Tag Archives: LivingWell

Updating exploration into Living Well in the Digital Age

Update summary: Over the past month we’ve run a workshop with the Department for Communities and Local Government; developed some ideas on why digital innovation is important on various fronts; engaged with the new Centre for Ageing Better; and authored a paper on networks and network mapping. In addition I’ve taken a few steps to re-organise content, including moving blogging about Living Well across to mediablends.com and setting up a wiki.

Blog posts from mediablends.com

Here’s summaries of recent posts on mediablends.com archived on a new wiki.

Next steps in our Living Well exploration Briefing for workshop held with the Digital Inclusion Group and Department for Communities and Local Government, outlining our ideas for Living Labs March 27 2015

Living Well workshop report Report on the workshop held with the Digital Inclusion Group and Department for Communities and Local Government March 27 2015

Do we need Operating Systems for Living Well in the Digital Age – or a more human worldview? The new Open Policy Making toolkit from Cabinet Office helps me join up the idea of a new operating model for government with an operating system for local labs for Living Well in the Digital Age. Together they could support the emerging Grey Cells model for digital service development and citizen online engagement. However, doubts emerge about the analogy. 04/04/2015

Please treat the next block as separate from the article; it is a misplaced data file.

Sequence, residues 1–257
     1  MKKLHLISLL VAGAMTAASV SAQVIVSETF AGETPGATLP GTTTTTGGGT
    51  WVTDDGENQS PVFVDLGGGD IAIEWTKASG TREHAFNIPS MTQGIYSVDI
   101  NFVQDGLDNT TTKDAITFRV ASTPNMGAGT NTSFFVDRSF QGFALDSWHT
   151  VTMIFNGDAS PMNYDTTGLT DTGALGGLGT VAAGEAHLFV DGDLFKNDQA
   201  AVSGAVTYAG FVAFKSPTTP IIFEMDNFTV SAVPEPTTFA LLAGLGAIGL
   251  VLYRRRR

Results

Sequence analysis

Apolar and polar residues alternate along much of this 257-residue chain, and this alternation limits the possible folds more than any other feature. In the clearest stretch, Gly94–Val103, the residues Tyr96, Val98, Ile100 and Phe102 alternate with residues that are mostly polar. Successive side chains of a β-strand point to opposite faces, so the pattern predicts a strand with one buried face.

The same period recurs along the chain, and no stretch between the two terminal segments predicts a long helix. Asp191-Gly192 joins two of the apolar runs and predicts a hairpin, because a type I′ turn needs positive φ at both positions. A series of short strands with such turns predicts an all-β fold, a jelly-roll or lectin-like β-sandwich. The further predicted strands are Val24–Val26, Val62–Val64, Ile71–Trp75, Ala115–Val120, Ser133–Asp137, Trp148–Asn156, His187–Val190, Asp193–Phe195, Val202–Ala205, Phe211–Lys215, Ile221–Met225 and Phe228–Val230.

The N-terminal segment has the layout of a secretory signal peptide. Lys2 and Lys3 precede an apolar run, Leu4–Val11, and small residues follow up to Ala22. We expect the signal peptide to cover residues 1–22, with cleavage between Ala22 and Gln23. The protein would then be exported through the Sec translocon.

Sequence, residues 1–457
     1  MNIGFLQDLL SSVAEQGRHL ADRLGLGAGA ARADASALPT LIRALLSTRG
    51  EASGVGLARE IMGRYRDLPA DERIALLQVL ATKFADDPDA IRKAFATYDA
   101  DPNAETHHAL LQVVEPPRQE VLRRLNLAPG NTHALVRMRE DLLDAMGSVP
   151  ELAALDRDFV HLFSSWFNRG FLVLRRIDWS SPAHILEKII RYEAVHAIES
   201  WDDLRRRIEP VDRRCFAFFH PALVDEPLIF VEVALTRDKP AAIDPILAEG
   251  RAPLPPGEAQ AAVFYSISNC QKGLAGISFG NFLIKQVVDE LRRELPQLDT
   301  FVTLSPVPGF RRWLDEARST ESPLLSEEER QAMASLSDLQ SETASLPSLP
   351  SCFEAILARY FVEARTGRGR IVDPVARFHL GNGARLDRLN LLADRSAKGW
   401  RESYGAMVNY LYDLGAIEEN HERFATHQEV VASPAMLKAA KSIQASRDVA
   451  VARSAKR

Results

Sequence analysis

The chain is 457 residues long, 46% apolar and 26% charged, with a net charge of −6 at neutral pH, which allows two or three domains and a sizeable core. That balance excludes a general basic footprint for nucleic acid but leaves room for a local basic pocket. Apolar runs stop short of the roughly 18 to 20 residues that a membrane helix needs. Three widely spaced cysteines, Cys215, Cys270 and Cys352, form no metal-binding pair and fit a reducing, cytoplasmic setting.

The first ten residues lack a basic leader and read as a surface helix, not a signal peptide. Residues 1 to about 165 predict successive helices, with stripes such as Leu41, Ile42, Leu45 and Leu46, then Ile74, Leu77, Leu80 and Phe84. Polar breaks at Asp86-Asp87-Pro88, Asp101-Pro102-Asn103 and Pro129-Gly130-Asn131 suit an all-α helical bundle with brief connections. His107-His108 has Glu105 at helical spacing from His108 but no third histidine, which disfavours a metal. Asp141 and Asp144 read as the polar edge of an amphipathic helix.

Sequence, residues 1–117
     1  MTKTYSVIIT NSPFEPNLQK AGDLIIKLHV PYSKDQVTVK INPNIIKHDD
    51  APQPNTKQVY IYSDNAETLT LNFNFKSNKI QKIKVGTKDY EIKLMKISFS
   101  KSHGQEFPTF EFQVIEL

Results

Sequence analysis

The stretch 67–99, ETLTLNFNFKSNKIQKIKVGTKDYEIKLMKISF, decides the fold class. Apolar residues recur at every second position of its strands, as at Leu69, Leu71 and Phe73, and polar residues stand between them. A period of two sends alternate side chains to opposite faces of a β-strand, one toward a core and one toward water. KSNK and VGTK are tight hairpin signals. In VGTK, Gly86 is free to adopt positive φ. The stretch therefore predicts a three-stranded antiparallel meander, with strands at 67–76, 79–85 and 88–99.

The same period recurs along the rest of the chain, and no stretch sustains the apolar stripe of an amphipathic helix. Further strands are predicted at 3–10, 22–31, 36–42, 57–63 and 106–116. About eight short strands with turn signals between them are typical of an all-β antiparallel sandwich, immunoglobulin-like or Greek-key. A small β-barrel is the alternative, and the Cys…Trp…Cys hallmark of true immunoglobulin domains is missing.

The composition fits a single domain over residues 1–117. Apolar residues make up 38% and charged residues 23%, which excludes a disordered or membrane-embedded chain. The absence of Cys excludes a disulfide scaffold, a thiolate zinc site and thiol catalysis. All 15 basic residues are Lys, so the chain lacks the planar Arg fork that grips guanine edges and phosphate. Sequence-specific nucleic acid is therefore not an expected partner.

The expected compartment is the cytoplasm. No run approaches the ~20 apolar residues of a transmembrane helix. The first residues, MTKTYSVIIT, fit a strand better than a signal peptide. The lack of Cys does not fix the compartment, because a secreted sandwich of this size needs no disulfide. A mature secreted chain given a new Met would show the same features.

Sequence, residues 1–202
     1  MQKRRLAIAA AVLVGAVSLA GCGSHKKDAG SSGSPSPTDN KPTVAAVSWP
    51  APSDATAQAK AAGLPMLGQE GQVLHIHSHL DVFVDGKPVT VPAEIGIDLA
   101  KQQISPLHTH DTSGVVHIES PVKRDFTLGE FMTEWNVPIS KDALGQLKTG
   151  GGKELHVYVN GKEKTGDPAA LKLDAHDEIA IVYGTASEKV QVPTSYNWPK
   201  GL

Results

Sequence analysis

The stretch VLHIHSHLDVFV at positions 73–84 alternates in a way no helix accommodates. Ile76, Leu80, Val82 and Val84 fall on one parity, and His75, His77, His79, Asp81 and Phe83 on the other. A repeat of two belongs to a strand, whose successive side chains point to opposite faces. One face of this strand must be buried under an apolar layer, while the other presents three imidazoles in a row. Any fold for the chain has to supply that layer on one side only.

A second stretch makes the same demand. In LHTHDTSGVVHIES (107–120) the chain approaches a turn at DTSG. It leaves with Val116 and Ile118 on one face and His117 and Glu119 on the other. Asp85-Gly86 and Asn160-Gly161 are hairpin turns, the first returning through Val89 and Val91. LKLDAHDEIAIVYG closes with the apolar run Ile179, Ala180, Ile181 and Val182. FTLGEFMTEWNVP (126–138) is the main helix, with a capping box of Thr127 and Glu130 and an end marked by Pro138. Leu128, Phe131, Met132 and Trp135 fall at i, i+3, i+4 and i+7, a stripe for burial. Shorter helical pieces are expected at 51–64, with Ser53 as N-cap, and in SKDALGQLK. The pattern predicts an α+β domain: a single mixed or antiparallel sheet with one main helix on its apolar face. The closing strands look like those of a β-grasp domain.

Practical ideas for making sense of technology in Care, Living Well and #AgeingBetter Local councils and partnerships will this year be faced with the growing challenge of deciding what technology solutions to develop and promote for care, health and wellbeing in their community. We’ve put together some ideas on how to approach those issues, from our exploration into Living Well in the Digital Age. The paper is here.

Why #AgeingBetter funders and policy makers should embrace digital technology – some resources Digital technology is increasingly important for Living Well in the Digital Age. Here’s suggestions on why funders and policy makers should review existing resources. 21/04/2015

Twitter helps @BetterAgeing Centre engage with potential for digital innovation in #AgeingBetter The Centre for Ageing Better has responded positively to a Twitter discussion about the lack of reference to digital technology in its strategy. Sending a blog post in draft helped. 22/04/2015